Sunday, 19 April 2015

Will the Conservatives' short sharp spell in custody change behaviour ?

I spent much of last week at the 13th UN Congress on Crime Prevention and Criminal Justice in Doha. The five yearly event, opened for the first time by the UN Secretary General, comprises not only formal deliberations of member states but a rich programme of ancillary meetings mainly run by civil society organisations. These provided the 4,000 participants opportunities to discuss everything from prison overcrowding to wildlife and forest crime, from reducing acid attacks on women to match fixing in sport. Inevitably a number of meetings looked at the financial, economic and costs of the war on drugs and the disastrous impact it has had on the use and practice of imprisonment around the world.

London based NGO Penal Reform International used the Congress to launch its important report on Global Prison Trends 2015, containing a special pull-out section analysing those links between drugs and prison around the world. Meanwhile,  back in the UK, the Conservative party was publishing its election manifesto. It promised to introduce “a new semi-custodial sentence for prolific criminals, allowing for a short, sharp spell in custody to change behaviour”. Briefings afterwards revealed that so called flash incarceration will mean “persistent vandals, shoplifters and drug addicts will spend two nights in a police cell under Conservative plans”.

Think tanks Policy Exchange and the Centre for Social Justice are each likely to claim the role of midwives for the policy of “swift and certain punishment.” Both have extolled the virtues of Hope Probation, the tough love programme piloted in Hawaii which involves probation supervision accompanied by frequent drug testing. Failures lead to immediate but short terms of detention. Research has found impressive outcomes in terms of reduced drug use and jail time.  Because of its success, the short terms of detention imposed on programme failures require  fewer prison beds in Hawaii than do the longer sentences served by those who fail normal probation supervision.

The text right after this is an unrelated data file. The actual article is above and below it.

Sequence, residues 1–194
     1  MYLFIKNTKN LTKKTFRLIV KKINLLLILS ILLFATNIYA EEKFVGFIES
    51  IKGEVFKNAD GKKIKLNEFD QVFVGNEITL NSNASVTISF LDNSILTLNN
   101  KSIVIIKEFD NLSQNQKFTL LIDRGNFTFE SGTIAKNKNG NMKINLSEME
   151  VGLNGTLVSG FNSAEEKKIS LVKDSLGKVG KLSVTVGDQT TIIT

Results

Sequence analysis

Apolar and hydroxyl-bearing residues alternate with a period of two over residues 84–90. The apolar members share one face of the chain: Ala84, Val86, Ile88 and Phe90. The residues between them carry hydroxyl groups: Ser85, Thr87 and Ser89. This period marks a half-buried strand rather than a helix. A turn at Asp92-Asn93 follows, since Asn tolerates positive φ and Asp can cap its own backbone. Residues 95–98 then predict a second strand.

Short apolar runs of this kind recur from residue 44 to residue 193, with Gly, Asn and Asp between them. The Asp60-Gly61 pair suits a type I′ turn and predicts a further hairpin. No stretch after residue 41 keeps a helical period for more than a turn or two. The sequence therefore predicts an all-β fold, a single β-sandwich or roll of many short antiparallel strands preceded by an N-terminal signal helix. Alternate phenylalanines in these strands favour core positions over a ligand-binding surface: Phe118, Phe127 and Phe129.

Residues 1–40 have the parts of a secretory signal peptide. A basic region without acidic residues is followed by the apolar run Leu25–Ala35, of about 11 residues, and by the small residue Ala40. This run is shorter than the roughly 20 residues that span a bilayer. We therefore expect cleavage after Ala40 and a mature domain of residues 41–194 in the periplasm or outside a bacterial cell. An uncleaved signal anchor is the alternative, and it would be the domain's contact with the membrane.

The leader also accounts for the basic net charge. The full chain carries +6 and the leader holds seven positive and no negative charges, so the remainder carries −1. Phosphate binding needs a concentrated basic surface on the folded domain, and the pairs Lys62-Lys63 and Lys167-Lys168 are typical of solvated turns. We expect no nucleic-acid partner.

Despite the research, I have been a bit sceptical about the wisdom of importing the approach in the UK.  At a Doha meeting organised by the Open Society Foundations on progressive drug law enforcement, I asked what the experts on the panel thought about the merits of a “swift and certain” punishment regime for drug misusers.

It turns out that there is a bit of scepticism on the other side of the Atlantic too. Some observers at least, while acknowledging the impact that Hope has had in Hawaii, question whether that is enough to justify its “correctional popularity”. Frank Cullen and colleagues at the University of Cincinnati point to “uncritical acceptance and importation of the programme to the U.S. mainland” and argue that several uncertainties about the programme may potentially compromise its effectiveness in other jurisdictions, thus offering false hope as a newparadigm.

It turns out too that evidence on another popular intervention- drug courts – is a good deal more equivocal than many would like. Evaluations have shown that in terms of impact on aggregate prison populations, in contrast to Hope, reductions in the numbers sent  to prison by Drug Courts in general have been offset by increased sentence lengths for the programme failures that are jailed.  

The lesson seems to be that however benign the policy intent, using criminal justice agencies to deal with what is fundamentally a health issue can be highly problematic. As a recent Open Society report puts it drug courts "do not represent reform if they undermine health and human rights, …. or if they impose punishment for relapses that are a normal part of drug dependence”.

Exactly the same can be said of the new Conservative policy.

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